General Motors Co. has recalled 1.5 million vehicles for problems including engine compartment fires and airbag deployment failures. It says these recalls are unrelated to its ignition switch recall. GM will take a $300 million charge to cover recall-related expenses. The new recalls are the result of an internal safety review launched by GM following its recall of 1.6 million vehicles for the ignition switch defect, which can cause their engines to suddenly shut off and prevent their airbags from deploying.
The largest of the three separate recalls affects 1.18 million SUVs. The vehicles’ driver and passenger seat-mounted side airbags, front center airbags and seat belt pretensioners may not deploy in the event of a crash. According to GM, the vehicles’ “service airbag” warning light should alert drivers to the issue. This recall includes Buick Enclave and GMC Acadia vehicles from model years 2008 to 2013, Chevrolet Traverses from model years 2009 to 2013, and Saturn Outlooks from model years 2008 to 2010.
Nearly 64,000 Cadillac XTS sedans from model years 2013 and 2014 have been recalled in order to fix a brake booster pump problem that can lead to an engine compartment fire, overheating or the melting of plastic parts. The company said it was aware of two engine compartment fires in vehicles at dealerships and two cases of melted parts.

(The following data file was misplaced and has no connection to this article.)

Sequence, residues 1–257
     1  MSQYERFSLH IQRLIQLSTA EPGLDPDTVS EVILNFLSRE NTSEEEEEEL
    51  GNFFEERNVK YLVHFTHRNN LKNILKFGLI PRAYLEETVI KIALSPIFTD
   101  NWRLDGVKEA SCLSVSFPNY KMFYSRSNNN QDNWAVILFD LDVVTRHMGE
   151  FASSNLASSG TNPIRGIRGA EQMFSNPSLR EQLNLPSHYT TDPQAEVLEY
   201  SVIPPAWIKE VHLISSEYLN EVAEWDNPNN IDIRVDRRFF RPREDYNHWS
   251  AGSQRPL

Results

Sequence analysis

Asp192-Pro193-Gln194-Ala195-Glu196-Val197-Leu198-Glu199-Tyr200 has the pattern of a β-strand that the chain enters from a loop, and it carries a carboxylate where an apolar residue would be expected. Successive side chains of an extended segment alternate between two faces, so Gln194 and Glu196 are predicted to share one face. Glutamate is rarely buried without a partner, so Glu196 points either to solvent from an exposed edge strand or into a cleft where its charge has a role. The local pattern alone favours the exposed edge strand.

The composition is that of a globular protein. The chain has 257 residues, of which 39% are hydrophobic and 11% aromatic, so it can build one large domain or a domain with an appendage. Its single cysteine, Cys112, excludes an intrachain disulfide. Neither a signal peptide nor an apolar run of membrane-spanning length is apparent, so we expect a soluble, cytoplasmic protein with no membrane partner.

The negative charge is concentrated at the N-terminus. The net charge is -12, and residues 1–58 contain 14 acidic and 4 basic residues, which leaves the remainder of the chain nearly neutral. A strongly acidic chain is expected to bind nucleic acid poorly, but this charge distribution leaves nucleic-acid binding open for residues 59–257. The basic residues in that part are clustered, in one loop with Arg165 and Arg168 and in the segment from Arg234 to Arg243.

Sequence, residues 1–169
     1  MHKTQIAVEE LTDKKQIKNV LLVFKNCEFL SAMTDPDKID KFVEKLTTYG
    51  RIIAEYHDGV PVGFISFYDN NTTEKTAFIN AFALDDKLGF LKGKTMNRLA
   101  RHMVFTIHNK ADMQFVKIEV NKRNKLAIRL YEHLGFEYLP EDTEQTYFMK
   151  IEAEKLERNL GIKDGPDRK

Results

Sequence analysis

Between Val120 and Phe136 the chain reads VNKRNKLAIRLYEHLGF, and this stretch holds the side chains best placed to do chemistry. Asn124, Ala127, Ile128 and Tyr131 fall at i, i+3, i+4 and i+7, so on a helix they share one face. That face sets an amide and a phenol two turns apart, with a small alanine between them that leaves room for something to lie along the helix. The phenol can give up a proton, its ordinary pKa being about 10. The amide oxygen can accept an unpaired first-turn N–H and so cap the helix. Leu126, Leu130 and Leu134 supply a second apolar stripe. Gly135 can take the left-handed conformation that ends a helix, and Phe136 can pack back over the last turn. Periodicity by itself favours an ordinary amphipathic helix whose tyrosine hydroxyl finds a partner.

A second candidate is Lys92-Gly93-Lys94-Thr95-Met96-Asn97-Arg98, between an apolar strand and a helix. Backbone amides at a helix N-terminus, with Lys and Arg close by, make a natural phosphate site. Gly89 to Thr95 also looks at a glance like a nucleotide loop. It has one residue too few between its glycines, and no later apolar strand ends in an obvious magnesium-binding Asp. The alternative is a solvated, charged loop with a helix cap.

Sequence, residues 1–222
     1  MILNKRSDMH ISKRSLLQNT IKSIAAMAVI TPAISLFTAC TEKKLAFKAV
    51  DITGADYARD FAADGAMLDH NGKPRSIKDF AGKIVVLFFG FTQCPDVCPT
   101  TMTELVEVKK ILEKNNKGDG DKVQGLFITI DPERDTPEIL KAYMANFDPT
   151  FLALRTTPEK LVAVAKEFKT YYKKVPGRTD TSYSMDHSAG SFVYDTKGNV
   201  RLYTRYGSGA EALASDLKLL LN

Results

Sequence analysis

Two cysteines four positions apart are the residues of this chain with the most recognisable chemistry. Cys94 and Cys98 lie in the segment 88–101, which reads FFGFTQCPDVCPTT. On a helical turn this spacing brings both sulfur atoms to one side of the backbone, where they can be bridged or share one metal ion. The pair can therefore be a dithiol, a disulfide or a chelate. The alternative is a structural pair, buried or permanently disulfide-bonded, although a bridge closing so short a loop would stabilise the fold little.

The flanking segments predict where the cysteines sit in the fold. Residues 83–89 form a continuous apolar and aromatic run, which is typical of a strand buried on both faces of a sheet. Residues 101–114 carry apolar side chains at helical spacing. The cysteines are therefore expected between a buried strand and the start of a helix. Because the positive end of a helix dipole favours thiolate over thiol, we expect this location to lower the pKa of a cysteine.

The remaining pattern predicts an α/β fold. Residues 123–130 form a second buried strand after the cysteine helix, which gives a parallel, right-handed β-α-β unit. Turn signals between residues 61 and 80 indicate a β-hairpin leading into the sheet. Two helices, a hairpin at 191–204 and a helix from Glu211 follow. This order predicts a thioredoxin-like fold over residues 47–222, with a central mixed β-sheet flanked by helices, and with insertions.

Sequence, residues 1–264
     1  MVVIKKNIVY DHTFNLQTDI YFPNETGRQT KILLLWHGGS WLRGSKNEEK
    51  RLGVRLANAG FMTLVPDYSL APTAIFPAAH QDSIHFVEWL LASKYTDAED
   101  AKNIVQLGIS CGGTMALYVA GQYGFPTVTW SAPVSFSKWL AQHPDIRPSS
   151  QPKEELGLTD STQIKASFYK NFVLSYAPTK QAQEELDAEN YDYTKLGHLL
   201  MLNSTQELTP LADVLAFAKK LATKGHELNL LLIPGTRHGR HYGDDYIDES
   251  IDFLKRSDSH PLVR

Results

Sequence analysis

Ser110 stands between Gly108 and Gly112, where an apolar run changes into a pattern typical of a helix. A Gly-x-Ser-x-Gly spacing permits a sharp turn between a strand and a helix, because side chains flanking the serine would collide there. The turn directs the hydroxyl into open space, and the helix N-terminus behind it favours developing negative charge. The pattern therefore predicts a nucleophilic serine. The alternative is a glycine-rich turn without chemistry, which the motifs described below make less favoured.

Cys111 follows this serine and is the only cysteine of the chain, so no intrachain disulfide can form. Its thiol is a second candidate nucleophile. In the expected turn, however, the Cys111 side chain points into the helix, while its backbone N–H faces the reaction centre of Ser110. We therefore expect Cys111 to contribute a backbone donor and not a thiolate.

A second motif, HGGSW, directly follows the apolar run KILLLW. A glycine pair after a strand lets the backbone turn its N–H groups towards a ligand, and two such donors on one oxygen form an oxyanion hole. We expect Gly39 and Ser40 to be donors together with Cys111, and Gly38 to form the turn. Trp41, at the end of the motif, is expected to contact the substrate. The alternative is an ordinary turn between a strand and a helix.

The third recall involves 303,000 Chevrolet Express and GMC Savana vans from model years 2009 to 2014 with gross vehicle weights under 10,000 pounds. The vehicles do not comply with a requirement designed to protect passengers in crashes in which they are not wearing or become unmoored from their seatbelt. The $300 million charge against first-quarter earnings is primarily to pay for the ignition switch recall and the three new recalls, the company said.
The ignition switch recall, which came in two parts, includes Chevrolet Cobalt, Chevrolet HHR, Pontiac G5, Pontiac Solstice, Saturn Ion and Saturn Sky vehicles of varying model years from 2003 to 2007. GM has said the defect may have contributed to 13 deaths, but the Center for Auto Safety said that more than 300 fatalities trace back to airbag failures in the recalled models. The Department of Justice (DOJ) has launched a criminal investigation into GM’s handling of the recall, and lawmakers in Congress have committed to holding hearings on the issue.
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